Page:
Scientists named seventh recipients of Russ Prize

LASIK and PRK eye surgery advancements help earn scientists top bioengineering honor created by OU alumnus

A trio of scientists received a prominent award, modeled after the Nobel Peace Prize and created by an Ohio University alumnus, for their research and contributions to the development of LASIK and PRK eye surgery.

The National Academy of Engineering selected Samuel Blum, Rangaswamy Srinivasan and James Wynne to receive the Fritz J. and Dolores H. Russ Prize, the bioengineering profession's highest honor, according to a university news release.

“I think it is a fitting achievement for the Russ Prize. The Russes' really wanted to bring awareness to the contributions of science and engineering in our lives,” said Colleen Carow, Russ College's director of external relations. “I think they would be very excited about the 2013 recipients.”

Rangaswamy Srinivasan, an inventor at IBM, said he was delighted when he discovered he was chosen to receive the Russ Prize.

"The Russ Prize doesn’t happen too often and it isn’t too easy," Srinivasan said. "I am thrilled and am happy."

The $500,000 biennial award recognizes a “bioengineering achievement that significantly improves the human condition,” according to the release.

“The three obviously helped improved people’s lives and human conditions,” said Dennis Irwin, dean of OU's Russ College of Engineering and Technology, in the release. “My sister was legally blind in one eye, and for people in a situation like that, this is a huge improvement in their lives. They go from barely functioning to having normal, or close to normal vision.”

Blum, Srinivasan and Wynne were also acknowledged for their development of laser ablative photodecomposition, which made pulsed ultraviolet laser surgery achievable.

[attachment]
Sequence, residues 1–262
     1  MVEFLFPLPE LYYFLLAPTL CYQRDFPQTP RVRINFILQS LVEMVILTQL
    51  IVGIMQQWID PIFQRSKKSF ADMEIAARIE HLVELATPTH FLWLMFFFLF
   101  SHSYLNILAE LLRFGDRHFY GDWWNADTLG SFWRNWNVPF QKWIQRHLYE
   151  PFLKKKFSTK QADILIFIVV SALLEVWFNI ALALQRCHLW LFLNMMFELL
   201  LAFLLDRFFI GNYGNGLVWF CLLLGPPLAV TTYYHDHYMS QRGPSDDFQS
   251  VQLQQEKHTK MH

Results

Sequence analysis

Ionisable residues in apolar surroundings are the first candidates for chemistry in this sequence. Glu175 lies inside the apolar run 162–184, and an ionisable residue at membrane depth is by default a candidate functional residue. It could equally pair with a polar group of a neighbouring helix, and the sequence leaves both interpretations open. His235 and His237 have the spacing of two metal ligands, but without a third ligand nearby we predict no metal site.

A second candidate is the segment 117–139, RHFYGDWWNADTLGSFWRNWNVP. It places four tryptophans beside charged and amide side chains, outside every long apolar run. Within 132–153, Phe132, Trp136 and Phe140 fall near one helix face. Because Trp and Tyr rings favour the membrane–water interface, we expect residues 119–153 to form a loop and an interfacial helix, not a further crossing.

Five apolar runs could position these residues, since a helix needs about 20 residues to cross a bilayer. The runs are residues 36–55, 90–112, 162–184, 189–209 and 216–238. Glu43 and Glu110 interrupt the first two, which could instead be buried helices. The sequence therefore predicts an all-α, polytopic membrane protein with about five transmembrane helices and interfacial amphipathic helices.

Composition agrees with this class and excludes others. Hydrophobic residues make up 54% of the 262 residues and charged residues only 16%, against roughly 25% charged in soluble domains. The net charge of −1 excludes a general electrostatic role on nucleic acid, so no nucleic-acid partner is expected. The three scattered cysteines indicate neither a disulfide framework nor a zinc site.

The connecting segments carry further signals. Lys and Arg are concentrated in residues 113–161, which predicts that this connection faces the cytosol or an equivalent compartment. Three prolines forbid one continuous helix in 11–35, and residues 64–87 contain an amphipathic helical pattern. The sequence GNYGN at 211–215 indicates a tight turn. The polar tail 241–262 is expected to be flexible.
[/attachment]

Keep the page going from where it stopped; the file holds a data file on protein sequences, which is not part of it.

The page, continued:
“The winners of this year’s Russ Prize exemplify the impacts that can be made when engineers and medical professionals work together,” said NAE President Charles Vest in the release. “Because of their discoveries and collaboration with the surgical community, more than 25 million people enjoy improved eyesight, and the technology they developed holds the promise for other applications as well.”

The trio was recognized by President Barack Obama on Dec. 21, when they were granted the National Medal of Technology and Innovation.
"That is such an honor (to be recognized by the White House)," Srinivasan said. "Just because it is the White House we are being recognized on a national level and people are thrilled."

OU President Roderick McDavis said in the release that the goal in creating the prize was to increase awareness in hopes of inspiring a new generation of engineers.

“We are very grateful to the Russes' and their desire to promote engineering education by creating this extraordinary award, which recognizes how engineering achievements improve the human condition," he said in the release. “Ohio University is proud to partner with the National Academy of Engineering to steward the Russes' vision.”

Irwin said the award continues to establish tradition in rewarding engineers for “exceptional accomplishments.”

Blum, Srinivasan and Wynne are the seventh recipients of the Russ Prize, which was established in 1999. Previous recipients include the inventors of kidney dialysis, the implantable heart pacemaker and the automated DNA sequencer.

"The Russ prize is unique because it focuses directly on the biological applications on engineering," Srinivasan said. "This (our work) is precicely that. I knew all along that I should deserve it but that’s not the same as getting it."

The three will receive the award Feb. 19 at a National Academy of Engineering gala ceremony in Washington D.C.

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